Nail Fungus Drug Might Help Against HIV, Study Suggests

Lab research shows the anti-fungal aided cells in elimination of AIDS-causing virus

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MONDAY, Sept. 23 (HealthDay News) -- A common drug used to treat nail fungus may hold promise against HIV, the virus that causes AIDS, according to a new study.

In laboratory research, the anti-fungal drug Ciclopirox allowed HIV-infected cells to get killed off by blocking the cells' mitochondria -- their powerhouse. In addition, Ciclopirox eliminated HIV from cell cultures, and the virus did not return when the anti-fungal drug was stopped, the study authors said.

This does not occur with currently available anti-HIV drugs, which must be taken for the rest of a patient's life, said study leaders Michael Mathews and Hartmut Hanauske-Abel, of the Rutgers New Jersey Medical School.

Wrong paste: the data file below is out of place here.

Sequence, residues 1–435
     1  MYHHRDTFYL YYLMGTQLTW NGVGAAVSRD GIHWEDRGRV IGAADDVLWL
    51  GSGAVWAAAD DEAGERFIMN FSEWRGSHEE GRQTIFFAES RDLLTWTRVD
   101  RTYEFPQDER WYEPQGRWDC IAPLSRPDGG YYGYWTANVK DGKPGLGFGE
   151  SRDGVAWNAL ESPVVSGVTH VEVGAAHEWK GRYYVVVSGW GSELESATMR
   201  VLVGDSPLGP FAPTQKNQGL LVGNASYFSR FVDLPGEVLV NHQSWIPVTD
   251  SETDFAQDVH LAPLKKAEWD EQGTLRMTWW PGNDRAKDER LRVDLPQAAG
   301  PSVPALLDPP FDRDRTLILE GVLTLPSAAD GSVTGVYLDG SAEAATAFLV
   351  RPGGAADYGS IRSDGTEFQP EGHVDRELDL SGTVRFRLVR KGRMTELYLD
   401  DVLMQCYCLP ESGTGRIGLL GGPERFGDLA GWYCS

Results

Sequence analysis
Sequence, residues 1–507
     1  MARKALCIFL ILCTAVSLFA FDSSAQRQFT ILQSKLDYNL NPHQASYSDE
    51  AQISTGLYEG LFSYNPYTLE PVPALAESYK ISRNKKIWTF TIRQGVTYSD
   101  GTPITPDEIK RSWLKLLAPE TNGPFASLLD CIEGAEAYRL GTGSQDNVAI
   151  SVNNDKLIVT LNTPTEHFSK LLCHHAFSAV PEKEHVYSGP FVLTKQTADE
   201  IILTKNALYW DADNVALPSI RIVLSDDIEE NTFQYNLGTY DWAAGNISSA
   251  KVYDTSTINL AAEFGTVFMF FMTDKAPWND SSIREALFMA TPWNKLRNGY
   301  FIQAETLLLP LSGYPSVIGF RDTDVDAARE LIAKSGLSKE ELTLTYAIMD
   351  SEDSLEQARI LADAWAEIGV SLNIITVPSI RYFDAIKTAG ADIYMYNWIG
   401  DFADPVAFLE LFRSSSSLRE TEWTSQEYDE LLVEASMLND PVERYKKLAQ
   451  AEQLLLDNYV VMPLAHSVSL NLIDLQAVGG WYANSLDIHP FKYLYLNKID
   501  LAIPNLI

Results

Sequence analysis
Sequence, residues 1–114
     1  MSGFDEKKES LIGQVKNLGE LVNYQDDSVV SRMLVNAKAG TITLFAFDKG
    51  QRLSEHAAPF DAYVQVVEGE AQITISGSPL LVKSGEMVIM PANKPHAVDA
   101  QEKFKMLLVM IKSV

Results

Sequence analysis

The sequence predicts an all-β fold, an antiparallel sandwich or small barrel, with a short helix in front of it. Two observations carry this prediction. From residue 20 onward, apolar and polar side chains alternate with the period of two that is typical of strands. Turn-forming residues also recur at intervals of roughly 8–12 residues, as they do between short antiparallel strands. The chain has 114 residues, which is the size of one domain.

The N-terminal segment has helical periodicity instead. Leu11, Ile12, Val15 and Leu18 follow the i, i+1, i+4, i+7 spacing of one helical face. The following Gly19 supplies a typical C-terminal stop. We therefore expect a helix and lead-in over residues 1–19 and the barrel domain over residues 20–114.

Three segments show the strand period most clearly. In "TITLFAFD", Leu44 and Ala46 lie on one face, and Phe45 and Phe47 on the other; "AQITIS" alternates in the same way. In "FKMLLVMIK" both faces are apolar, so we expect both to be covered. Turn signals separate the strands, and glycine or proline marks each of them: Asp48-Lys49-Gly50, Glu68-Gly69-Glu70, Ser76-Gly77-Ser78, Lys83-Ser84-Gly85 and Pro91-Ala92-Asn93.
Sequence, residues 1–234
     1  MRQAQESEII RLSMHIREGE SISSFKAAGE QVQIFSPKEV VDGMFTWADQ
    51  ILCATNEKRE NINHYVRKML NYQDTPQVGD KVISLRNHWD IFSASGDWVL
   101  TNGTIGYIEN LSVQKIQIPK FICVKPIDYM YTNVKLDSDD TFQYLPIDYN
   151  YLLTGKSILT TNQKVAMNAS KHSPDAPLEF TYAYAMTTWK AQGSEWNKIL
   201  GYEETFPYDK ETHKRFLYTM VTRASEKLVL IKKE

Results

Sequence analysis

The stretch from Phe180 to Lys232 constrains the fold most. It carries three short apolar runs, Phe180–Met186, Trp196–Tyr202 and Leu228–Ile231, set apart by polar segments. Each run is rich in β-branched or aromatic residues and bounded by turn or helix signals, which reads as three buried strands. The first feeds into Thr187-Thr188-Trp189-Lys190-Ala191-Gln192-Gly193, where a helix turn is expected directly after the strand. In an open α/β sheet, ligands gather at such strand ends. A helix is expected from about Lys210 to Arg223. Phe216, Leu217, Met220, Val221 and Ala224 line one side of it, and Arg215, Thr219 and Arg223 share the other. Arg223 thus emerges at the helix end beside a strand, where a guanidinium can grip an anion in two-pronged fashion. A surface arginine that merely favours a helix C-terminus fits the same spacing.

The effectiveness of Ciclopirox against HIV needs to be confirmed in human clinical trials. But because the drug is already approved by the U.S. Food and Drug Administration for treatment of fungal infection and is considered safe, the clinical trial process for this treatment could be quicker and less costly than usual, the researchers said.

The study is published in the current edition of the journal PLoS One.

The use of combination antiretroviral drugs have vastly improved HIV treatment, the study authors said in a Rutgers news release. These so-called drug cocktails are effective at keeping HIV under control, but they never completely eradicate the infection.

HIV's persistence is partially due to its ability to disable a cell's so-called suicide pathway, which is normally triggered when a cell becomes infected or damaged.

More information

The U.S. National Institute of Allergy and Infectious Diseases has more about HIV treatment.

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